May 19, 2023 Special Dispatch No. 10619

Russian Journalist Nikiforova: Russia Is In The Same Predicament As The Bolsheviks Were A Century Ago, Like Them We Must Adopt A Centralized Economy And Reverse The Privatization Of The 1990s

May 19, 2023
Russia | Special Dispatch No. 10619

Alexander Bastrykin, head of Russia's Investigative Committee of Russia made the following declaration at the recent St. Petersburg International Legal Forum: "We are essentially talking about economic security in war conditions. And then comes the next step: let's pursue a policy of nationalization of the main sectors of our economy."[1]

As many of Russia's most important businesses are owned by the so called oligarchs, who bought up whole sectors of industry on the cheap in the privatization that followed the collapse of the Soviet Union, did Bastrykin's proposal mean that these oligarchs would be stripped of ownership of their enterprises? Vladimir Putin had essentially made a compact with the oligarchs allowing them to keep their assets provided that they stayed out of politics and occasionally contributed to solving problems in the localities where they operated. The oligarchs in the pre-invasion, pre-sanctions days used their profits to live lives of unimaginable luxury. There is also the question of  whether Bastrykin was advocating a return to a Soviet style economy, where the state controlled the means of production.

Political analyst Marat Bashirov doubted that Bastrykin or the government intended such radical measures. Bastrykin, Bashirov believed, was referring to economic sectors "where the share of not just private enterprises, but also those controlled by foreigners is high." Another situation where nationalization was warranted involved cases where the private enterprise literally and figuratively did not deliver the goods. "For example, according to the documents, the plant is supposed to produce ball bearings, but in reality, it rents out its premises for offices and retail outlets... There is no goal of nationalizing all the businesses. There is a goal of bringing order in terms of national security guidelines."[2]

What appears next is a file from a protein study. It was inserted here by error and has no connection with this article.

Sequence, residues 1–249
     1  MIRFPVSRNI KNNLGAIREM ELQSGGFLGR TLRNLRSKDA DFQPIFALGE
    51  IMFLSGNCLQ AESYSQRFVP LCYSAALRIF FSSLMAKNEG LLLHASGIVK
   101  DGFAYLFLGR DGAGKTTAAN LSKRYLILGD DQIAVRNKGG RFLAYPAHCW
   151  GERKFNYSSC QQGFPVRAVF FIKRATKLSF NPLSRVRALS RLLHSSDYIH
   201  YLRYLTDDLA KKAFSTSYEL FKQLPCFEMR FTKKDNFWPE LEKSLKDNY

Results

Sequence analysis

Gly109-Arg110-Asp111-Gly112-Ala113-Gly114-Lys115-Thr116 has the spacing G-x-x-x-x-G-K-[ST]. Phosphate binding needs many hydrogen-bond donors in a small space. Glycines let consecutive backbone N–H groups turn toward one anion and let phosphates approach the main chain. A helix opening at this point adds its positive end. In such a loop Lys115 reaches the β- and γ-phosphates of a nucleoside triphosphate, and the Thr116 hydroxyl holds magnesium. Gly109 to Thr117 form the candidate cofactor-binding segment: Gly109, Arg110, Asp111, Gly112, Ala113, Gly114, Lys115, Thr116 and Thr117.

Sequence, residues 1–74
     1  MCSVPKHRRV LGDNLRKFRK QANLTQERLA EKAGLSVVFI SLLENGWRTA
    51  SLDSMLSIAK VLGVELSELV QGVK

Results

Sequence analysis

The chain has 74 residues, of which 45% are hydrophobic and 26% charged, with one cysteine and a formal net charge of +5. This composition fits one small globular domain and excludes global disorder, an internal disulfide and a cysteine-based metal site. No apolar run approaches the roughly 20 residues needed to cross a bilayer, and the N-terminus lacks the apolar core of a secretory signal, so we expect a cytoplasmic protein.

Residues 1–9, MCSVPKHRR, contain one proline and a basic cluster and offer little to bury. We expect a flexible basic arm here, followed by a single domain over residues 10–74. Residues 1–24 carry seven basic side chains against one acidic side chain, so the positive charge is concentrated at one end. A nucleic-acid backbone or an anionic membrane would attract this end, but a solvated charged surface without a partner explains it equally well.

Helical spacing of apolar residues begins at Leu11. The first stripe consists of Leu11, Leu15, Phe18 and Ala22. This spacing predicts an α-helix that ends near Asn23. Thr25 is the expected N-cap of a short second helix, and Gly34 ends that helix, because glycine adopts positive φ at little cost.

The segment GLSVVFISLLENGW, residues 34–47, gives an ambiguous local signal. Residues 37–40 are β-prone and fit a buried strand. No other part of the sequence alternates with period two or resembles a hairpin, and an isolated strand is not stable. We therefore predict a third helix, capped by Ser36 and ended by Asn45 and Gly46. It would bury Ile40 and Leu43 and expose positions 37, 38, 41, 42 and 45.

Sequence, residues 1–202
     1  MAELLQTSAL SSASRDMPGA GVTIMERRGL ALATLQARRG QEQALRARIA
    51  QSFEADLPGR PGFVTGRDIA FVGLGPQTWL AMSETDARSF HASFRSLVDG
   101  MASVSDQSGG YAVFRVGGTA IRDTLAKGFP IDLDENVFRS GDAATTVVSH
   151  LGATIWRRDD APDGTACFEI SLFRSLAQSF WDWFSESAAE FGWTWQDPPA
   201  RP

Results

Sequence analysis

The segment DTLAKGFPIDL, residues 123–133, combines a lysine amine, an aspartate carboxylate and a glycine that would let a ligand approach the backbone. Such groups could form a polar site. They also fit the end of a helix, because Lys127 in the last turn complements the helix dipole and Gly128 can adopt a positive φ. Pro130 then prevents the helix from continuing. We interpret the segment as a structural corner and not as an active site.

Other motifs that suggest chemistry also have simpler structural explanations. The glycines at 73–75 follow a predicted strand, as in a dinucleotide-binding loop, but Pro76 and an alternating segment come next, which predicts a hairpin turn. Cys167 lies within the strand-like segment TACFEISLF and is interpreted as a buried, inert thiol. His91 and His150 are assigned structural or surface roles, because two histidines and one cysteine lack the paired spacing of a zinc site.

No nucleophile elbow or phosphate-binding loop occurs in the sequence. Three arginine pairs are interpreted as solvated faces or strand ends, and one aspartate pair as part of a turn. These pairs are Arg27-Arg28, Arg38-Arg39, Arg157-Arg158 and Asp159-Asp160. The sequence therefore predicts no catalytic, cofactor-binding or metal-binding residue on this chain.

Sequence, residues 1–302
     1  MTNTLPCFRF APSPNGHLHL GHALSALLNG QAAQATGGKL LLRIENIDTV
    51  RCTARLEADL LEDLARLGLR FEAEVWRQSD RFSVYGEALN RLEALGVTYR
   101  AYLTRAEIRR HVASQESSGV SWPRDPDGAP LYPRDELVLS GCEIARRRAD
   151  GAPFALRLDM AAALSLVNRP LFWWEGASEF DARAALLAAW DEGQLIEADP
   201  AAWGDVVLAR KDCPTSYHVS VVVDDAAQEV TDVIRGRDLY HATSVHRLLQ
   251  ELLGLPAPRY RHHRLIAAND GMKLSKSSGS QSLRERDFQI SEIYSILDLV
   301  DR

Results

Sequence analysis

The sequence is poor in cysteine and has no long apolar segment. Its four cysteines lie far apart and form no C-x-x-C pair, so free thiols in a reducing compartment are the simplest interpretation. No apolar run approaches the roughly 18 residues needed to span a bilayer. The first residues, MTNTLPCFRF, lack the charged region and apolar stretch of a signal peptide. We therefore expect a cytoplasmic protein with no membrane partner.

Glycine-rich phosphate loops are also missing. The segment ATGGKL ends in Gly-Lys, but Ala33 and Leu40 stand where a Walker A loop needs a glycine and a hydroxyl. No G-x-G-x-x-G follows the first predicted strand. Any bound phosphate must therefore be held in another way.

Marat Bashirov (Source:

Oleg Matveichev, Deputy Chairman at the State Duma Committee on Information Policy and professor at the Financial University, interpreted the remarks as a warning to businessmen that they had better respond to state defense orders or else the government would move in. These failures could be ascribed to the fault of current management or to cases where the company lacked the requisite capital or qualified workers. Either case would justify a takeover.

Mikhail Delyagin, deputy head of the Duma Committee on Economic Policy, interpreted Bastrykin's statement in the most far-reaching manner – the government had reached the conclusion that in order to develop the Russian economy under existing conditions, it was necessary to minimize costs, which included paying for the extravagant lifestyles of the owners of factories and other enterprises.

According to Delyagin, companies should not work to pay for the maintenance of the oligarchs' yachts, but, instead, aim for "zero profits," meaning  that all profits should be ploughed back into plant modernization and expansion.

"And private business by its very nature cannot operate 'with zero profits,' since it is focused on maximizing its profits, not on the creation of added value  for society... Therefore, if someone strives to create the opportunity for Russia's development, he must nationalize the basic industries and turn them into an instrument of reduction of the costs to the economy."